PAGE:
Wednesday, June 28, 2017

Review: The Other Woman by Therese Bohman

Sometimes the title of the book gives you more than a good sense of what a book is going to be about. Therese Bohman's The Other Woman is one such title. There's no doubt that it's about an affair. What you still have to read it to uncover is the actual story though because all affairs are both alike and yet unique to the two people involved.

Our attractive, young, unnamed narrator is a working class girl taking a break from her education for lack of money. She works in the cafeteria of a hospital in the small Swedish city of Norrkoping and leads a monotonous, conventional life. But the narrator wants to write a novel and she wants to have a life worthy of being possible subject matter for that novel. The boring meaninglessness of her life, of her very existence, won't do. One day she sees an attractive, married, well dressed older doctor in the cafeteria, a man she has occasionally wondered about having an affair with and she accepts a ride home from him after missing her bus. As she is getting to know Carl and ultimately seducing him, she is also getting to know Alex, a girl her age who is exciting and friendly and who has a secret that will change everything for the narrator and have repercussions that resonate both in an out of her inevitable affair with Carl.

The novel is a slow psychological study with a selfish and often unsympathetic narrator. But for all that, she's still rather fascinating. Her pursuit of Carl and her subsequent fantasies inserting herself in his life feel predatory even though he is equally culpable in their affair. Her relationship with Carl and the jealousy she feels towards his wife and children is not the only destructive force here though. There are several depictions of power imbalances, the darkness of money and class differences, and the question of fidelity and its worth. The first person narration puts the reader directly in the narrator's head, seeing the manipulations as well as the naivete. The story is quite slow starting and very philosophical in tone. The narrator's pre-affair life is dull and no recounting of it will change that so it's a bit of a chore to get past it to the real meat of the story. Once you do though, you see that the narrator is creating a version of herself, the other woman, a writer, something more than her surface suggests. Even when her choices go from bad to worse, she is forging the identity of the woman she will become on the other side of this affair and the other side of her friendship with Alex. This is a translation from the Swedish and will appeal to readers who don't mind extended character studies, moral ambiguity, and a lot of introspection balanced with a healthy sense of self-worth.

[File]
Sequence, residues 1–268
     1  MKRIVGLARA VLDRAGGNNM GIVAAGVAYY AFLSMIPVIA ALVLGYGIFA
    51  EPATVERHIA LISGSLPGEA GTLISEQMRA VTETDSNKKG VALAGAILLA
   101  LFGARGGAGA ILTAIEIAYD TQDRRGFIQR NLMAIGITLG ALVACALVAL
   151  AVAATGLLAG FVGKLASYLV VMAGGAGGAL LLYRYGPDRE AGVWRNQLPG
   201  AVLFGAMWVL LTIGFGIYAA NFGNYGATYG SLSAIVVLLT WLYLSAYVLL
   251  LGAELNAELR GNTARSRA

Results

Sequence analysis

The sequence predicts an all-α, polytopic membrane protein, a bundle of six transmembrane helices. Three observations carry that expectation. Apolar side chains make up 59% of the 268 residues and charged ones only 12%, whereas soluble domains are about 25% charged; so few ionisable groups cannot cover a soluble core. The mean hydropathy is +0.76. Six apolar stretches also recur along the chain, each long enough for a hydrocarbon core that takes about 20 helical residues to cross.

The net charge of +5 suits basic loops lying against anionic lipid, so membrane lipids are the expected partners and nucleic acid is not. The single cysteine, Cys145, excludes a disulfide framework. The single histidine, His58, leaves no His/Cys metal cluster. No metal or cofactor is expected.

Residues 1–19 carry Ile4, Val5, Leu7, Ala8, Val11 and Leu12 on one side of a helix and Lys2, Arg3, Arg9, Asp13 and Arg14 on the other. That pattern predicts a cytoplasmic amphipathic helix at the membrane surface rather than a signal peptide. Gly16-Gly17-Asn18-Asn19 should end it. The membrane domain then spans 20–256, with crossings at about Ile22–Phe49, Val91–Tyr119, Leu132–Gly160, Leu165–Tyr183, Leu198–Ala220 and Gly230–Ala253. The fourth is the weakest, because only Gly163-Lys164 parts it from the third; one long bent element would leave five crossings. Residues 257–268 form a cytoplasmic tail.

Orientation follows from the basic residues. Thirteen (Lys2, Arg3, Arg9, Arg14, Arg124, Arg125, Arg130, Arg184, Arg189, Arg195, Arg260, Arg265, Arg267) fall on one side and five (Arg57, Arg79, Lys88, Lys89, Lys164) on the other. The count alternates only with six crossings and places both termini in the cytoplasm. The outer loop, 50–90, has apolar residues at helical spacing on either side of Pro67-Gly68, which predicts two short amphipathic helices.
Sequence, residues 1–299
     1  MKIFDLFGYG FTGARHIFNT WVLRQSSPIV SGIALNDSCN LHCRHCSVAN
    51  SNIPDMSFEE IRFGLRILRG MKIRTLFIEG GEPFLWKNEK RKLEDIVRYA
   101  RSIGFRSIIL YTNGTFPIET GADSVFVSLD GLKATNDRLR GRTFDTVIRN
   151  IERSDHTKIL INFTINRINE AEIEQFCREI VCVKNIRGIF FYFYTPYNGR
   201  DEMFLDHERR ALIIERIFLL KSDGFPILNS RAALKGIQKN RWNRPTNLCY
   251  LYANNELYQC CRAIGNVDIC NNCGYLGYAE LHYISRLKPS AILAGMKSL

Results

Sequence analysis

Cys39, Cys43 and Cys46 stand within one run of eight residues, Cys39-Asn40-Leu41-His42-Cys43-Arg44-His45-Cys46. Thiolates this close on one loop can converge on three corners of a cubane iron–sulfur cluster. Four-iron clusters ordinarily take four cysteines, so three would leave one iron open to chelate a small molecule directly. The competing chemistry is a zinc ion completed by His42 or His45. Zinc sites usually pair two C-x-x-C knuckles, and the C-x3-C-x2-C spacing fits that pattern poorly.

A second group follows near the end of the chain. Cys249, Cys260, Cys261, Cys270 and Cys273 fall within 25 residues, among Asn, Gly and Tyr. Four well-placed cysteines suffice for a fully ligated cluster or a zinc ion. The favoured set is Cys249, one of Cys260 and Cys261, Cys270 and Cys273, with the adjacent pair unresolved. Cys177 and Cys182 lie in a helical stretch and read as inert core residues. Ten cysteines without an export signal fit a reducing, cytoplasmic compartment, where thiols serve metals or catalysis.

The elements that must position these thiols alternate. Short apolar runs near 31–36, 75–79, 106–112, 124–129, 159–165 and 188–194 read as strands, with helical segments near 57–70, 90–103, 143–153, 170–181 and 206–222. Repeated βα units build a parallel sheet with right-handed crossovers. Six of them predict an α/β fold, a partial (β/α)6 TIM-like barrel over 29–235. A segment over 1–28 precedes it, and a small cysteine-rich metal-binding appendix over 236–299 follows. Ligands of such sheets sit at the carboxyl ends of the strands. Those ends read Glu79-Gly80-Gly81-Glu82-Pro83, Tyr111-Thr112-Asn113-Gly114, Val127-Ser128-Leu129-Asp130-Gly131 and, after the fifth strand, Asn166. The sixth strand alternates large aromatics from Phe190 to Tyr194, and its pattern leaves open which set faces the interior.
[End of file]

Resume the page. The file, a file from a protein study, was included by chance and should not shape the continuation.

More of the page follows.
Thanks to the publisher for sending me a copy of this books to review.

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